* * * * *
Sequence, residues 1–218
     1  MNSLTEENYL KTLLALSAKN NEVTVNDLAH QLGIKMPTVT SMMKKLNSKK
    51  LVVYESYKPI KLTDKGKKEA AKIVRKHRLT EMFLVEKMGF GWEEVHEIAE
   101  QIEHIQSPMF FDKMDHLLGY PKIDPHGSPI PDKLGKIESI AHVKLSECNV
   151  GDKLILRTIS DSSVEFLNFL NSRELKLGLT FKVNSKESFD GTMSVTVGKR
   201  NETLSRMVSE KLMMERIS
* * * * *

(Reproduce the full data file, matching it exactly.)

Sequence, residues 1–218
     1  MNSLTEENYL KTLLALSAKN NEVTVNDLAH QLGIKMPTVT SMMKKLNSKK
    51  LVVYESYKPI KLTDKGKKEA AKIVRKHRLT EMFLVEKMGF GWEEVHEIAE
   101  QIEHIQSPMF FDKMDHLLGY PKIDPHGSPI PDKLGKIESI AHVKLSECNV
   151  GDKLILRTIS DSSVEFLNFL NSRELKLGLT FKVNSKESFD GTMSVTVGKR
   201  NETLSRMVSE KLMMERIS